~
I have made rear racks from a skateboard (using pieces of an old frame and kickstand parts), an old child carrier and aborted attempts using wood and/or old bicycle frames. It seems there are as many ideas out there as there are backyard engineers and most work. I finally gave up and bought a well made and sturdy one for less than ten bucks on Amazon. However, the kickstand problem remains. When I have a real load for the three baskets on my home made long bike it tends to, in the words of my neighbors 4 year old," tump over". It's embarrassing because I always seem to have an audience when it happens. I really thought of trying to fabricate one modeled after the delivery bikes of the 1940's but they seem a little massive and cumbersome hanging out behind the front wheel. Your design solves all of that and I intend to start on one for my bike as soon as it gets warm enough for my hands to work in the shop. Thanks for the idea.
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Old 11-24-07, 10:19 AM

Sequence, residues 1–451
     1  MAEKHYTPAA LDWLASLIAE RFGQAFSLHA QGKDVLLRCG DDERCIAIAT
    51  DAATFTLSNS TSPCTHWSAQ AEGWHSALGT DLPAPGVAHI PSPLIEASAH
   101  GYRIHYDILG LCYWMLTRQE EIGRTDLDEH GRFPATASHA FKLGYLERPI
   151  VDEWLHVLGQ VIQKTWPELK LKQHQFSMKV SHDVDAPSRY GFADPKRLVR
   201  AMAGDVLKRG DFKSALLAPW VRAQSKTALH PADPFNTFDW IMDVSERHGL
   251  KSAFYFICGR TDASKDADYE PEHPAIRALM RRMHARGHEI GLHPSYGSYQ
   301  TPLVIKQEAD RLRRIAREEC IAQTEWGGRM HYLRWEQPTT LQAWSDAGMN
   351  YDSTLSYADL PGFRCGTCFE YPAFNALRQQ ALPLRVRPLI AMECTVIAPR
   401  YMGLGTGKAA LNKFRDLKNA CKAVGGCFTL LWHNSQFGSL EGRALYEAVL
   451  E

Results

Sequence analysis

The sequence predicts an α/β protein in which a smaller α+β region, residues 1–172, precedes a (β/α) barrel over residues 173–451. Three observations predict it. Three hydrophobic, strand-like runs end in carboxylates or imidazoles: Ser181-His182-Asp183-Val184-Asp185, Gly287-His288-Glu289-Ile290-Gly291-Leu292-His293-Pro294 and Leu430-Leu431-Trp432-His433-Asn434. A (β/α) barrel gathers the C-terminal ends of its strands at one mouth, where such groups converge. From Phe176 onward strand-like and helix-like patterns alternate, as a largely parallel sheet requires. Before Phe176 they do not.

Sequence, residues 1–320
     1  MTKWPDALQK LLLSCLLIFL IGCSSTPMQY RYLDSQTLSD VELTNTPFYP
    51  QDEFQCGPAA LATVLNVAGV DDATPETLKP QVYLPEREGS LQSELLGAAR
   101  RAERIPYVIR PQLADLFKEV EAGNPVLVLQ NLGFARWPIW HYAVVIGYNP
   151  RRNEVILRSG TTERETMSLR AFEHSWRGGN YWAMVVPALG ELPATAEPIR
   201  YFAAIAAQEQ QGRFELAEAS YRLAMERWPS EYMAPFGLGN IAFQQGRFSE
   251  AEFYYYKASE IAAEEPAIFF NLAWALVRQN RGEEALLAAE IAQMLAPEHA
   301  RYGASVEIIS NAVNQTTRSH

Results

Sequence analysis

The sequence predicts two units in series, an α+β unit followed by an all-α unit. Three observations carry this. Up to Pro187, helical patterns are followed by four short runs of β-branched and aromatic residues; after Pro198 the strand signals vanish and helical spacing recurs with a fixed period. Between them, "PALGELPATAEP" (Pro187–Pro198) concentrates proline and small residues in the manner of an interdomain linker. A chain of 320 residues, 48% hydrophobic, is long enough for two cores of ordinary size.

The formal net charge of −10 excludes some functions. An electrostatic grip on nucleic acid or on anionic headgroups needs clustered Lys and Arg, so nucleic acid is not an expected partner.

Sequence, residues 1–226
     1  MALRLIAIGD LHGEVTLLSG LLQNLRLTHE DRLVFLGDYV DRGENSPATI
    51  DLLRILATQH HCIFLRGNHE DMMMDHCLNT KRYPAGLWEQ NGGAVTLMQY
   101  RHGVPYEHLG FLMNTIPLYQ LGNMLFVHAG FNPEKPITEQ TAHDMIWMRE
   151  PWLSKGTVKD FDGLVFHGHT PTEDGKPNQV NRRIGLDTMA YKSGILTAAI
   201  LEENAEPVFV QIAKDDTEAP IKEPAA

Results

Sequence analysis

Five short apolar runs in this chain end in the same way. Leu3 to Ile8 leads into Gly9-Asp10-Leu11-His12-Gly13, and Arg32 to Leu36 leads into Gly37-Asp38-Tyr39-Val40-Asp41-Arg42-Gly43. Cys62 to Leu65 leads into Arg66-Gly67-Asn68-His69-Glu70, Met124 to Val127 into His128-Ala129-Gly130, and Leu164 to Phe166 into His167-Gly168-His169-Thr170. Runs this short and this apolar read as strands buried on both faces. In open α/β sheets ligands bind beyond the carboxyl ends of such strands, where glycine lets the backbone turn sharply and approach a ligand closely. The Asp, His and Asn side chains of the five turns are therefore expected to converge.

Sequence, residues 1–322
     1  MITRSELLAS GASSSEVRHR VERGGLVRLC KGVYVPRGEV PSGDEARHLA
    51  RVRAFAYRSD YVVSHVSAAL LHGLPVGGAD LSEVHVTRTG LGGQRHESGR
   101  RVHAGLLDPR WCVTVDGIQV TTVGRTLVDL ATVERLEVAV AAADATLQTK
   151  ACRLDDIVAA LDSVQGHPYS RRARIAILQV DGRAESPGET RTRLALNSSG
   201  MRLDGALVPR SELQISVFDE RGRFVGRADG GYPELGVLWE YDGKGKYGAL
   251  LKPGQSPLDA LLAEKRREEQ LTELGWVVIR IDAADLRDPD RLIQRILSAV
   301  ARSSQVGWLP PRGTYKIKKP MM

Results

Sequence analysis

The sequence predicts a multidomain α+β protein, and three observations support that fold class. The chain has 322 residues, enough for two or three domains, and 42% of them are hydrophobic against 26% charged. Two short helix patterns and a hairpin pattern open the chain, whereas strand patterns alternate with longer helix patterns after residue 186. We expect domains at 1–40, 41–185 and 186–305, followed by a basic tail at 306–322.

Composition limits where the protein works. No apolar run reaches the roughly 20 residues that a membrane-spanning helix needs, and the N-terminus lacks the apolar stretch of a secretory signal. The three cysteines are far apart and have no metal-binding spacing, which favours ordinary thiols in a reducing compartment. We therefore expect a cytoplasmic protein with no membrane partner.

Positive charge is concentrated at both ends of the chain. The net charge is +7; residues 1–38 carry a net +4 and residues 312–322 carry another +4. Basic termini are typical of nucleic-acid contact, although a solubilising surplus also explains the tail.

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thats a really nice rack doug, very impressive and i love the curves.....the first one wasnt bad either
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Old 11-24-07, 01:02 PM
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Originally Posted by oldfool View Post
I have made rear racks from a skateboard (using pieces of an old frame and kickstand parts), an old child carrier and aborted attempts using wood and/or old bicycle frames. It seems there are as many ideas out there as there are backyard engineers and most work. I finally gave up and bought a well made and sturdy one for less than ten bucks on Amazon. ...